This is a rare standalone from the Edgar Award-winning creator of Matt Scudder, Bernie Rhodenbarr, hit man Keller and others, and takes a number of risks unusual for its author. For a start, it is very deliberately a post-9/11 thriller, in which a man bereaved by the loss of his wife and children in the Twin Towers sets out to wreak what he thinks of as a sacrificial vengeance on the city by becoming a serial terrorist himself. For another, Block, who wrote some pornography early in his career, has created a female character whose kinky sex antics will definitely ruffle some of his mainstream readers. And while an intimate knowledge of New York and its folkways, and of urban character and conversation, has always been one of Block's great strengths, and is on plentiful show again here, his rather improbable action climax seems carelessly tacked on to the meticulous rest of the book. The novel offers a very crowded canvas whose central characters are the sad figure of the terrorist himself; a former police commissioner who eventually sets out to bring him down; a midlist writer who suddenly gets to be a hot property when he's accused of a murder (the publishing scenes will be delightful for insiders); the aforementioned kinky lady, an art dealer when not playing pierced dominatrix; a gay recovering alcoholic who unwittingly leads the villain to the scenes of his crimes; and, of course, the city itself, which, as the title suggests, is a place where everyone is somehow connected to everyone else's business. It's a bold and flashy effort, but its deliberately disturbing elements may somewhat limit its appeal.
Copyright 2003 Reed Business Information, Inc.

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Customer Reviews

Most helpful customer reviews
3.0 out of 5 stars JUST OK Nov. 16 2013
By bettyl
Format:Hardcover|Verified Purchase
I usually like Block's books a little more then this one. Not bad but not hard to put down & come back to later.
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1.0 out of 5 stars What a stinker! April 17 2004
By A Customer
Format:Mass Market Paperback
Hard to believe that an author with such strong credentials wrote this mess. Improbable plot, thoroughly unlikeable, flat characters, excessive boring, badly-described, kinky sex, implausible coincidences...presumably the reason for the book title... and a turgid drawn-out ending. I struggled to reach the end of the book. LB, please go back to your previous formulae.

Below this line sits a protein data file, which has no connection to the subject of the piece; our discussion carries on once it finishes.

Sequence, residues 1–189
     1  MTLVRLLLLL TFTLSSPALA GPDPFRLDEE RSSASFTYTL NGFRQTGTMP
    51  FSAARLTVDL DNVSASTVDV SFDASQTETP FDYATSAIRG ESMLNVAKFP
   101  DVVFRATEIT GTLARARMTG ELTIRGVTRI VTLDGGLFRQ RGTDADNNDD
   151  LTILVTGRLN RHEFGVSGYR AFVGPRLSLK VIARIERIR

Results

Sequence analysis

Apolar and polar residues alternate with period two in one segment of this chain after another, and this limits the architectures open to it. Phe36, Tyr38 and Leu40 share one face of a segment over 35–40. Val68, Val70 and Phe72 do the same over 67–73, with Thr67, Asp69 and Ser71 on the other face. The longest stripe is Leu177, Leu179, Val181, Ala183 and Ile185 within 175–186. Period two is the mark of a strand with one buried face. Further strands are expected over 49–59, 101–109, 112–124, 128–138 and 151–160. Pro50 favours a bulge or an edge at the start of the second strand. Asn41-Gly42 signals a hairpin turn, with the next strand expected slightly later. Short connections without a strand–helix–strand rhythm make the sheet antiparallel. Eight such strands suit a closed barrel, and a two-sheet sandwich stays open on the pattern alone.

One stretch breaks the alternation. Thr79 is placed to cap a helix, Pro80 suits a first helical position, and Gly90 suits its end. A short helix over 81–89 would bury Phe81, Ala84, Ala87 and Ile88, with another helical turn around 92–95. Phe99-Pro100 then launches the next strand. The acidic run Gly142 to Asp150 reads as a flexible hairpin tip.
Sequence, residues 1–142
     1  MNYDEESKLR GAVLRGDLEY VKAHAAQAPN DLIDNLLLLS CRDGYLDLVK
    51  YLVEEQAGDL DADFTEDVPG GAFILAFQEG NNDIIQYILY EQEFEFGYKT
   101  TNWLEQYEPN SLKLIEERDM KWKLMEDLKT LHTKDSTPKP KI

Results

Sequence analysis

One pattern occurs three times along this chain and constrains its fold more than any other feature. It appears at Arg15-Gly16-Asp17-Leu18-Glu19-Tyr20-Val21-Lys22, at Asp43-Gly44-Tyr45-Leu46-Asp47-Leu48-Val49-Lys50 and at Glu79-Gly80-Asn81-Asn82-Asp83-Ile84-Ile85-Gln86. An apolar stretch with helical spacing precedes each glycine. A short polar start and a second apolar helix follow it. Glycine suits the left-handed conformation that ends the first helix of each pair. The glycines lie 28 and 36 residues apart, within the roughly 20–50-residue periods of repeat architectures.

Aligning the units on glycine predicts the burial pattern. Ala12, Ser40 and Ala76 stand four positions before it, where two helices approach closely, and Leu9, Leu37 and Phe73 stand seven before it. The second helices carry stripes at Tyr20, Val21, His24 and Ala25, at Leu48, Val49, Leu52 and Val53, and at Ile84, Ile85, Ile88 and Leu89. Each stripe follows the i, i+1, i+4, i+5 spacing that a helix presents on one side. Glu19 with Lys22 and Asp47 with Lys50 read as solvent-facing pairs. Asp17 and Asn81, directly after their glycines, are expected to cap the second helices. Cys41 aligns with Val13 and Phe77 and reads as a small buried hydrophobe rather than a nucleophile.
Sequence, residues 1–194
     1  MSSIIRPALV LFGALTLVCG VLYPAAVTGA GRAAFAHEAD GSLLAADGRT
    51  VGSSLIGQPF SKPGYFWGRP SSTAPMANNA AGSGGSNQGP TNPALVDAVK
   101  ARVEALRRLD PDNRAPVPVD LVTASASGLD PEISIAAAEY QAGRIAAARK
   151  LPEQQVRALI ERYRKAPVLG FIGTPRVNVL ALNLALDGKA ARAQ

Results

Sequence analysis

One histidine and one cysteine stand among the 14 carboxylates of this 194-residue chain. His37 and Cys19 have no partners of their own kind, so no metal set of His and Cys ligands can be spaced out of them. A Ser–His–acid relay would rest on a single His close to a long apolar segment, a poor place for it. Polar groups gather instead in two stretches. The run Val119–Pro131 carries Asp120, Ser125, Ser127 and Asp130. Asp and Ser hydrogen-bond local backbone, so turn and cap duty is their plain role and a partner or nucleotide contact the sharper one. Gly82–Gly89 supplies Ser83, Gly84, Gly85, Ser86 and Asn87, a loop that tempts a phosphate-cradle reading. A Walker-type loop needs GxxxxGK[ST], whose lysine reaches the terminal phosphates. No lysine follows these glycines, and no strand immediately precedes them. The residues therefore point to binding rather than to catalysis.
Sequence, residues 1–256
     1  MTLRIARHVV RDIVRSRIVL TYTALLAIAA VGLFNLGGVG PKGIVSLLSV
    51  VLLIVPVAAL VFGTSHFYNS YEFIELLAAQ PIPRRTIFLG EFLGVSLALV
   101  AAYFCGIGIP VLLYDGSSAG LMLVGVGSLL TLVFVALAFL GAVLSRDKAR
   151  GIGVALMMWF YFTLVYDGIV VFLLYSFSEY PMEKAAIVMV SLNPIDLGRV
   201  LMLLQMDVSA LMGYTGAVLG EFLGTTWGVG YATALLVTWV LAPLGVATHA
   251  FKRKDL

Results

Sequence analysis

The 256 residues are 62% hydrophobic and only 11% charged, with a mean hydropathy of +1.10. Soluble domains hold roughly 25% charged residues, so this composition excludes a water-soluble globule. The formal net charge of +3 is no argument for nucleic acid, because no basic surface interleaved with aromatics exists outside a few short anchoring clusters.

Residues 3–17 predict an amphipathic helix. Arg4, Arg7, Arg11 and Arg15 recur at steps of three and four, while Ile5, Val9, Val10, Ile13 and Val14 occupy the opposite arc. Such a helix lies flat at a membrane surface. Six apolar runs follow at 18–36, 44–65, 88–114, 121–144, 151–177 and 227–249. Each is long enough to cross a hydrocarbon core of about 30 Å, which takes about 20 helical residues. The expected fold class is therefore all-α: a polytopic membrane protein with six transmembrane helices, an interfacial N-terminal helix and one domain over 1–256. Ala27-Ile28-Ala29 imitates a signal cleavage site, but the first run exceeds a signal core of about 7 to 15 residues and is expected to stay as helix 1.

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2.0 out of 5 stars thineagle March 23 2004
I'm a real Block fan, but where this book was concerned, I just wanted it to end. Where is the Block who gave me those concise Matt Scudder books where I was hooked for hours on end until the end? Instead, I'm subjected to "New York" where everything is sex, sex, sex-- excuse me, where is Lawrence Block, the novelist, not the porn expert? Please, Lawrence, don't get senile on us-- get back to Matthew and his problems and those neat mysteries we can cozy up to with a hot toddy and our recliner and lose ourselves in your great prose. Please...
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4.0 out of 5 stars Block delivers again Feb. 19 2004
In many of the novels of Lawrence Block, there is a somewhat hidden character, hidden because it is not a person, but a place: New York City. In Small Town, Block brings this character to the forefront, showing how it is recovering from the wounds it received on the infamous September 11. Block treats the city with a certain reverence and by interweaving the lives of his human characters, demonstrates that there is a certain "small-town" quality to the big city. It's a formula that is mostly, but not completely successful.